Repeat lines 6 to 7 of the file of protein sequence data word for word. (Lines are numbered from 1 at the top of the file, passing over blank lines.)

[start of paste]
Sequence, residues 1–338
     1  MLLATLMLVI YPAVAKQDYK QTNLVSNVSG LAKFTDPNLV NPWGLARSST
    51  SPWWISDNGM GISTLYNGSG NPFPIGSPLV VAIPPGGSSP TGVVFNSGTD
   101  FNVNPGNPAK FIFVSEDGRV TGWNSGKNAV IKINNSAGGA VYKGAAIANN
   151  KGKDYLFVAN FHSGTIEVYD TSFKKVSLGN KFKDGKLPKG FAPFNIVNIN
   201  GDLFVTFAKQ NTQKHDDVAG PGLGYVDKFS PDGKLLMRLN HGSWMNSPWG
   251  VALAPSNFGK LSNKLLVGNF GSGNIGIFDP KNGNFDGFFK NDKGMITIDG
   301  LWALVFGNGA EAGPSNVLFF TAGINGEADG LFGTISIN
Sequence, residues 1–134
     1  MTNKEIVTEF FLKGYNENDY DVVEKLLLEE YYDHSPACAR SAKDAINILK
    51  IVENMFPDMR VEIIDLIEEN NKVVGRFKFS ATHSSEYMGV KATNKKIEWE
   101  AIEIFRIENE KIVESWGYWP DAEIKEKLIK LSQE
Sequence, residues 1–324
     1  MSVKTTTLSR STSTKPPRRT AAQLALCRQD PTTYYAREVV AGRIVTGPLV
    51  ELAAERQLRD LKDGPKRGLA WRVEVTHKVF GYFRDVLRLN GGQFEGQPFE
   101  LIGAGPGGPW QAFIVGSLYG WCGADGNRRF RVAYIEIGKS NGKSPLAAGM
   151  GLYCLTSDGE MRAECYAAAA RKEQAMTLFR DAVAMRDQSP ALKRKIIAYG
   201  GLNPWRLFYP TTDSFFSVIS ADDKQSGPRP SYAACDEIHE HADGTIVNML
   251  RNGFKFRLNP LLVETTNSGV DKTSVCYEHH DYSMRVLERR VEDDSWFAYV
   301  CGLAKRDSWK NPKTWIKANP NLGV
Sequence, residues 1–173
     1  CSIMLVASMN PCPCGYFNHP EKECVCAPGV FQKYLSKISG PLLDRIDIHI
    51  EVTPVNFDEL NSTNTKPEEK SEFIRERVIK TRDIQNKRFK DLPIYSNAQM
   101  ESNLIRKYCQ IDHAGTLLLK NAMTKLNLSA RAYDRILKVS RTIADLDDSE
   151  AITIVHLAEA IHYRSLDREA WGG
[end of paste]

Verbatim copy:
   201  GDLFVTFAKQ NTQKHDDVAG PGLGYVDKFS PDGKLLMRLN HGSWMNSPWG
   251  VALAPSNFGK LSNKLLVGNF GSGNIGIFDP KNGNFDGFFK NDKGMITIDG